3. Musee d'Orsay (door-say) (closed Monday, open 10-6, except Thursday 10 am-9:45 pm), covers 1848-1914 period and is especially great for Impressionist art. It is a former railway station and hotel with an excellent cafe in museum (doing lunch in this spectacular dining room is a nice way to break up the visit, re-charge and get nice food service). This dining area is a magnificent space defined by enormous windows, lighted by crystal chandeliers with gilded decoration bringing out the radiance of the sculpted ceilings. Thursday night is perfect for walk from museum west toward Assemblee Nationale and cross Seine River bridge towards Place de la Concorde seeing all of the building lighted and then looking back towards Eiffel Tower; Place de la Concorde was designed in 1775. From this website (www.musee-orsay.fr/en), you can get more detailed information. PRIORITY
VERSAILLES: By suburban subway/train (RER-C5 line, from St-Michel, every 15 minutes) or train (30 minutes) from Saint Lazare; started being built in 1660's for Sun King Louis XIV (during 1661 to 1715 period, involved 32,000 to 45,000 workers) in French classical architectural style; conceived as a world unto itself as seat of government, permanent residence of the royal family and the cream of nobility, was previously modest hunting lodge in swampy area; palace highlight is 236-foot long Hall of Mirrors where the treaty was signed ending WWI; a three-year restoration of this spectacular Hall of Mirrors was just completed in June 2007; through 2020, they are completing a $455 million project to upgrade Versailles with cleanings, new roofs, other restorations, etc.; this property has 700 rooms, 2,153 windows, 352 chimneys and 28 acres of roof; in the huge garden areas are Grand Canal, Grand Trianon, Petit Trianon and Hameau used by Marie Antoinette; town population of 100,000; possible bus tour or car drive options out to Versailles; open 9:45-5, park open sunrise to sunset; tour palace first and gardens later (closed Monday). From this website (www.chateauversailles.fr/en), you can get more detailed information.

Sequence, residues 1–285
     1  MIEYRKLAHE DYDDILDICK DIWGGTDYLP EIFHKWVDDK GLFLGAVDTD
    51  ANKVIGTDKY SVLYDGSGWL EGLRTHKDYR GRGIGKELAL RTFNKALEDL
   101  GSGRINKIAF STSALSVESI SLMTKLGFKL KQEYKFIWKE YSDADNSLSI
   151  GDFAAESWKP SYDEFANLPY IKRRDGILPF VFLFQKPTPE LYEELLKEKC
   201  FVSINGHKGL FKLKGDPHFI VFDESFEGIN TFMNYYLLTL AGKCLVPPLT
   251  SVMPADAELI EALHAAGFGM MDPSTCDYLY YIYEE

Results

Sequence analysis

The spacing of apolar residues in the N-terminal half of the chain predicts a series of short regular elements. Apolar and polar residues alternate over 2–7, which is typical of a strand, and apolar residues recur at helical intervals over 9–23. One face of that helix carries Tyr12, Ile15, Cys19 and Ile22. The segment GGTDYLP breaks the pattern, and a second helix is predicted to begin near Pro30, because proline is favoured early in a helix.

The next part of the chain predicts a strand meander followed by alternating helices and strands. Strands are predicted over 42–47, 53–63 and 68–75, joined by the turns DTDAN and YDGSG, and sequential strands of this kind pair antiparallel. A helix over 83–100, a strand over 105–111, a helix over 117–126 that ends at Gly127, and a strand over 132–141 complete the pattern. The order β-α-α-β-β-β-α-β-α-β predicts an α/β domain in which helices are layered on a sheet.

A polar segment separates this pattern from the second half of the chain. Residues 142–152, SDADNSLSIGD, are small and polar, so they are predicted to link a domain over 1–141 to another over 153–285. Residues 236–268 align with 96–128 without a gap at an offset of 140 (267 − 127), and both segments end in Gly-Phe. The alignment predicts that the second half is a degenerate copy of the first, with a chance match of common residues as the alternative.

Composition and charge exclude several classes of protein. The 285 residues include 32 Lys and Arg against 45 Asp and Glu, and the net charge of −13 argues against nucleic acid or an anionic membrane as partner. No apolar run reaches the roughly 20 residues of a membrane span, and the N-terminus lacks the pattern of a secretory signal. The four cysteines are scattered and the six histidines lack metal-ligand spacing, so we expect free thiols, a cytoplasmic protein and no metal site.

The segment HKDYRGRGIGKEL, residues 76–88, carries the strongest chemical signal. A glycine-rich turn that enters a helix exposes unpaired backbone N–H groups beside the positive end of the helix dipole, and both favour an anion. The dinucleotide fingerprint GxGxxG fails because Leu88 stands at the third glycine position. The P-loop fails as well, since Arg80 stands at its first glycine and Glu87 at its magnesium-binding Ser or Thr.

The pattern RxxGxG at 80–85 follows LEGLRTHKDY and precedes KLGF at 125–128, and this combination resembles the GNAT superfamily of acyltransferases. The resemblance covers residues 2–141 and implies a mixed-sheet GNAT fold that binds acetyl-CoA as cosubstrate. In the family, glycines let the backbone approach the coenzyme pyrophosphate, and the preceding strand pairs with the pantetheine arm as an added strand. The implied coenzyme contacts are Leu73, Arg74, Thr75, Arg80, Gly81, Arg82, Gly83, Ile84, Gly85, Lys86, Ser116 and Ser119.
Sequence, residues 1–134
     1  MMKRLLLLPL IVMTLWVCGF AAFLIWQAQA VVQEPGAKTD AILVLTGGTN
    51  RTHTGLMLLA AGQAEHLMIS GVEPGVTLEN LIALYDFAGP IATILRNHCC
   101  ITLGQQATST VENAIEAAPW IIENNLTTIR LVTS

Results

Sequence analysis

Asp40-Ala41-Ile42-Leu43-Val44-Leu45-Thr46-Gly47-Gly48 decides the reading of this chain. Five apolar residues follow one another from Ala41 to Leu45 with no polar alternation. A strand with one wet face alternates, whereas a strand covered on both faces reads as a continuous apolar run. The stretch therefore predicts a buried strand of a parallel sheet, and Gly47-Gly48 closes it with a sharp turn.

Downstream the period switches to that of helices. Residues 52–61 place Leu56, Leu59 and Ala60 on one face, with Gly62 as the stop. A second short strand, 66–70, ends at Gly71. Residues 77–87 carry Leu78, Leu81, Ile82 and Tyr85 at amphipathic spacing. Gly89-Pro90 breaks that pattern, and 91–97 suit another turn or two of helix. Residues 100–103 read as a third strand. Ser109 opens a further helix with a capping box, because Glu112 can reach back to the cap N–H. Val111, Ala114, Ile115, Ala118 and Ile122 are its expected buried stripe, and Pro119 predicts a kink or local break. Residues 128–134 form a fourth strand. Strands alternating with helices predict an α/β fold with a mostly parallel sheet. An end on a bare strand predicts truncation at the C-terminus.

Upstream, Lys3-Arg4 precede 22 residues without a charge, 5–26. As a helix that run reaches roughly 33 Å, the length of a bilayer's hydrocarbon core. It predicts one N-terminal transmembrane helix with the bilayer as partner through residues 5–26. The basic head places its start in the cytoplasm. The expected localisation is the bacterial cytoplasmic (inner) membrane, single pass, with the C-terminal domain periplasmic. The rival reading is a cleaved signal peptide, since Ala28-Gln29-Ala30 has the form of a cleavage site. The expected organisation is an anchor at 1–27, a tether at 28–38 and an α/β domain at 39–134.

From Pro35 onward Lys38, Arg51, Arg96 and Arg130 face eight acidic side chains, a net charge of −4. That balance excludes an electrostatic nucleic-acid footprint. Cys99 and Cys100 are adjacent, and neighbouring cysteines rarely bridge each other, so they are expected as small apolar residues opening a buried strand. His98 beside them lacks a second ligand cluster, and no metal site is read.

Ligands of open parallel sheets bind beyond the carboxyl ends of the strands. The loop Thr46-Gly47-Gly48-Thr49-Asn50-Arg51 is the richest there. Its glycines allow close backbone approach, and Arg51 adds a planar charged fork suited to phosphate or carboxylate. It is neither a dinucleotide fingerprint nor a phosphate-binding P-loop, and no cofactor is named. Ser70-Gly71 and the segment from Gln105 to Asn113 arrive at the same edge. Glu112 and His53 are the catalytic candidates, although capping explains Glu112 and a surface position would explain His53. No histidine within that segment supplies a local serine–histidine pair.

PARIS METRO/SUBWAY: Great, great system! Probably best to buy packets of ten tickets, rather than a multi-day, three or five day pass. There are fourteen different subway lines, plus the four different suburban RER rail options. It is important to know which line or lines you want to use, IN ADVANCE, and the name of the end station for your direction so that you go down the right set of stairs to be on the correct side of the tracks. It's not as simple as New York City with uptown or downtown! But it offers totally great, fast, frequent service. Very clean and nice! Single tickets (1.60 Euros) may be purchased at the counters each time, but the better value is a carnet of 10 (11.40 Euros), which will also save you waiting in line. For all day use, for adults (there is a cheaper children’s daily pass), the pass cost in euros is for one day (8.80), two days (14.4), three days (19.6), or five days (28.3). Compared to London, the daily pass might not be the best value. It depends on your needs. WEBSITE for maps and other info/details: http://www.ratp.info/touristes/index.php?langue=en
HERE'S SOME BACKGROUND ON THE WONDERFUL LOIRE VALLEY:
This is the major chateau and castle country southwest of Paris. It is easy to reach during the a day-trip from Paris taking the quick and comfortable TGV Express train to the Tours suburban station of the St Pierre on the edge of town. Then pick up your reserved rental car. See and enjoy the area. Then drop your car off in the evening, returning back to Paris in only an hour without having to battle the big city traffic. This area peaked in power in the mid 1400's to 1700's period; Joan of Arc helped win battle at Orleans in 1429 that spurred power of French monarch to unify the country and drive out the English; Blois has population of 50,000; Tours has population of 130,000 with half-timbered houses on Place Plumeneau; priority for lunch or dinner at Chateau de Beaulieu (4 1/2 miles SW of Tours, 18th Century country estate, phone 47-53 20-26); among the top chateaus to see (all rated as three stars by Michelin Guide) that we have seen and loved are: